Chris Boardman Music Blog: December 2013

Thursday, December 26, 2013

Learn To Be Objective About Your Work

If you are actively engaged in creative endeavors most likely you will have a trusted circle of friends that you bounce ideas off of. This can be rewarding but tricky. While we all look to others for support, never underestimate how your relationship will impact the feedback. Learning to be objective about your work will allow you to measure your progress by yourself and not be completely reliant on the judgement of others.


1. BE CLEAR ABOUT YOUR GOAL


If you don't know where you are going....you will have no idea if you have achieved your objective or not. Define your goal in simple terms. When my friend George Gallo directs a film he creates a catchphrase to help him stay on track. Write it down. Keep it handy so you will be able to refer to it through your creative process.

2. KNOW YOUR PROCESS


Everyone approaches being creative differently. The trick is to learn about your process so that you can easily recreate it...on demand. If you look at professional athletes who are called upon to perform in high pressure situations (free throwsputting in golf, batters, pitchers etc.) you will notice that they all have a pre-shot routine. Develop your own pre-shot routine. And ...STICK TO IT.

3. FOCUS YOUR ATTENTION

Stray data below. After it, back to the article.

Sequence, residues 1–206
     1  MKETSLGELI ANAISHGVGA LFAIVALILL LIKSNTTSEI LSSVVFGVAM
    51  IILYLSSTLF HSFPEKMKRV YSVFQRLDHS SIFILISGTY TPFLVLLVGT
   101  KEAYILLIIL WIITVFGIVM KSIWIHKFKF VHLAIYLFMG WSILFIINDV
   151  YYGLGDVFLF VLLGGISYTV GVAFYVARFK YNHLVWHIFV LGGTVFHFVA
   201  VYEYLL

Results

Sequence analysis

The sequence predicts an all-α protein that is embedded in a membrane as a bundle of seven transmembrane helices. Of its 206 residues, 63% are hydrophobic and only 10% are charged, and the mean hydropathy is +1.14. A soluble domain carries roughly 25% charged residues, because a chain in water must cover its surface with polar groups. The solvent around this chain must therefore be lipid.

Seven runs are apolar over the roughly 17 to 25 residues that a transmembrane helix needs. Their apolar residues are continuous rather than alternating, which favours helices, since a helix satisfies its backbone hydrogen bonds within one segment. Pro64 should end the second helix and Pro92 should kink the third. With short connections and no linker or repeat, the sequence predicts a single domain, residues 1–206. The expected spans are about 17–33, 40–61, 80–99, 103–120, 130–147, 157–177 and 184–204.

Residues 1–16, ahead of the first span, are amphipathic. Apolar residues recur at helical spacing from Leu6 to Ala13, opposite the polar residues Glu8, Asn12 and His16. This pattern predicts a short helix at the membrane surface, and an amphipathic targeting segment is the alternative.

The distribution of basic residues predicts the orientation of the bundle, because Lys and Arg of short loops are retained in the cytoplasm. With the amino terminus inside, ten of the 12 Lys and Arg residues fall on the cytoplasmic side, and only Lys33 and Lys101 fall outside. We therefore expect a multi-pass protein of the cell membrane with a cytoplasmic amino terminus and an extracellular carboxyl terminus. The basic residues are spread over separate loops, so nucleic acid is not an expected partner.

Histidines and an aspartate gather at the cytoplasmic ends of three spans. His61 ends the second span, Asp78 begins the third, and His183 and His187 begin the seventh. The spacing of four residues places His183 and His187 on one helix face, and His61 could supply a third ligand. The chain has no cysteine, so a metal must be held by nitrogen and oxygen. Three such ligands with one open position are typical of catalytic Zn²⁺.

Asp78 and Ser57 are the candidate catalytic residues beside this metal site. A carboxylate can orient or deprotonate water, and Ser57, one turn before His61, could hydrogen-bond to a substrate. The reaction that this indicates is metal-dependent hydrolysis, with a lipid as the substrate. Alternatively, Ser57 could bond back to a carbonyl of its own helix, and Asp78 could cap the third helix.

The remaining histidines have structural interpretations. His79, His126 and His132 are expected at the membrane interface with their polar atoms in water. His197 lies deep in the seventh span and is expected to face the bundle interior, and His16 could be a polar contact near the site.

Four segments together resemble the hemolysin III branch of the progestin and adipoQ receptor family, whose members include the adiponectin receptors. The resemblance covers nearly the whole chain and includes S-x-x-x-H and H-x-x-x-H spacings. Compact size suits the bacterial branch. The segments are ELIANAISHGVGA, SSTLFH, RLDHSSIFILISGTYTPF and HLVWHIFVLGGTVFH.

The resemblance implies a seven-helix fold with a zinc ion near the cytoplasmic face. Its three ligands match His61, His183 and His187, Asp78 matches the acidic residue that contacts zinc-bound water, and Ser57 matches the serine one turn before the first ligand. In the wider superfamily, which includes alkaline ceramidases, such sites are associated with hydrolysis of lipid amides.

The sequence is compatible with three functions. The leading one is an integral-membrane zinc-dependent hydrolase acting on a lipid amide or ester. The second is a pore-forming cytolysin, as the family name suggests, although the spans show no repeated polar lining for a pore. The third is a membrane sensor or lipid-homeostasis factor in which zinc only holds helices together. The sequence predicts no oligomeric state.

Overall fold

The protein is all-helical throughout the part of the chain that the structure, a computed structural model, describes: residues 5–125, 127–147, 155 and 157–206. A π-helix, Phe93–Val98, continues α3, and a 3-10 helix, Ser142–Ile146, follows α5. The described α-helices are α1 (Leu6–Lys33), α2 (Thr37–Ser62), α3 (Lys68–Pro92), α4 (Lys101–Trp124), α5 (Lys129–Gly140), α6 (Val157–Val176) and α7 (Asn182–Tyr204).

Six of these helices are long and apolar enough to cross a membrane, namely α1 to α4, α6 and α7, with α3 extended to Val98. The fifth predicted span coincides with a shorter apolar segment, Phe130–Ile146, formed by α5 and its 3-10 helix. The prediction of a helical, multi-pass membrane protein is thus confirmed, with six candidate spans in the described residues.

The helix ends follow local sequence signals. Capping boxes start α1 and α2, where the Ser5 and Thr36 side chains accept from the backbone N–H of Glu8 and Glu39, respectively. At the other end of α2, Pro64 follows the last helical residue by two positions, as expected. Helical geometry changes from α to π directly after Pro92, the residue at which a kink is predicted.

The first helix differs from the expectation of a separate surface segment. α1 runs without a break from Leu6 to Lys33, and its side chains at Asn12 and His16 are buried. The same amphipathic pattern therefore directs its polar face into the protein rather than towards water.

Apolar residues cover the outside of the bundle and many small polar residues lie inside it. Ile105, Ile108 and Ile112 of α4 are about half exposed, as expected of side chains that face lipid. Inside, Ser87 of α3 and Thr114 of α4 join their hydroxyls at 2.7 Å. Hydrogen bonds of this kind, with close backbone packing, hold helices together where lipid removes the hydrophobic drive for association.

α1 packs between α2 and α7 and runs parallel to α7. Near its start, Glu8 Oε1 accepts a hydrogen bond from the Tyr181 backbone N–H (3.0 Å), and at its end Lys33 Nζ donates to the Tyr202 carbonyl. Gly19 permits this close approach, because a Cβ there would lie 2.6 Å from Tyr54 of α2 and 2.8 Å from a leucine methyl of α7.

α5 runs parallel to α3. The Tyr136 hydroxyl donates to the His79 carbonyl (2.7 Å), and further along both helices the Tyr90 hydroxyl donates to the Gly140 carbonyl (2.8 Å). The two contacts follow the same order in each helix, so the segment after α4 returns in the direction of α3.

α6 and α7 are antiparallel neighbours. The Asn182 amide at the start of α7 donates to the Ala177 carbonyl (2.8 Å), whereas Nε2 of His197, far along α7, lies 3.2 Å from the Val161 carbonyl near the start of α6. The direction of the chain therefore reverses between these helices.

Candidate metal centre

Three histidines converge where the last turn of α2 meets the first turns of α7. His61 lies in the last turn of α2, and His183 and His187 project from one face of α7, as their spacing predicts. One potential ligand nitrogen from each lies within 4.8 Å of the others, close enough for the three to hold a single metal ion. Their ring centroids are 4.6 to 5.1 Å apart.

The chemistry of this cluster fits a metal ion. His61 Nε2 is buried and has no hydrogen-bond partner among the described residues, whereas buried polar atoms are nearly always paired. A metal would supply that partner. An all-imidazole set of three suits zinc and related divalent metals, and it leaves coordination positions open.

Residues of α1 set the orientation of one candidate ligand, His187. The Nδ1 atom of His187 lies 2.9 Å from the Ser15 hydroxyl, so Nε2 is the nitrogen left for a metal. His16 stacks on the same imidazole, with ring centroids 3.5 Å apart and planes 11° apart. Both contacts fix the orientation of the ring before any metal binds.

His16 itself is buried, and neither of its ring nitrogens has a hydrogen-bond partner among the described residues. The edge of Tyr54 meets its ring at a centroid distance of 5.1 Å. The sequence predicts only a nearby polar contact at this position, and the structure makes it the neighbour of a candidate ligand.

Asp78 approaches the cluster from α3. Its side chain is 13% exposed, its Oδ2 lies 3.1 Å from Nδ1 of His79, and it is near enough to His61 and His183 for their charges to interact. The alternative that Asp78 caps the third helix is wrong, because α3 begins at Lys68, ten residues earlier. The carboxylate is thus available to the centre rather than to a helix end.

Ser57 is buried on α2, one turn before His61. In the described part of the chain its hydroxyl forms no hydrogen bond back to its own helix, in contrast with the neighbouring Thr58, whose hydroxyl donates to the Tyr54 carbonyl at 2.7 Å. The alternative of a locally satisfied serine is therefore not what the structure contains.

Bill Clinton has said that what made Steve Jobs unique was his ability to concentrate. Being creative demands your full and undivided attention. Use your pre-shot routine to set the stage to give your work your all.

4. GET TO THE END


Ideas and indecision are the enemies of completion. Commit to an idea and FINISH. If you keep it all in your head your brilliant idea is nothing more than a marble ping-ponging in your head and...is completely worthless. You are an audience of one. The only way you can be objective about your work is to get it out of your body. Art (and creative ideas) are a snapshot of a moment in time. It will never be the same. And, you will perceive it differently every time you look at it.

5. THE ROLE OF PARTICIPANT AND OBSERVER


Now that you have completed your thought you will be able to switch your focus from being in the moment and "I'm a genius" to being an audience of the work. It is now the work....not your possession. Making this shift enables you to be objective. Some days you will be a genius...other days you will get depressed....(Why did I do THAT!!!). Adopting the role of observer will allow you to measure your progress...BEFORE you launch your work into the world.
Training yourself to be objective about your own work is an essential quality for the artist/creator. It's not as hard as it seems...if....you are willing to do the work.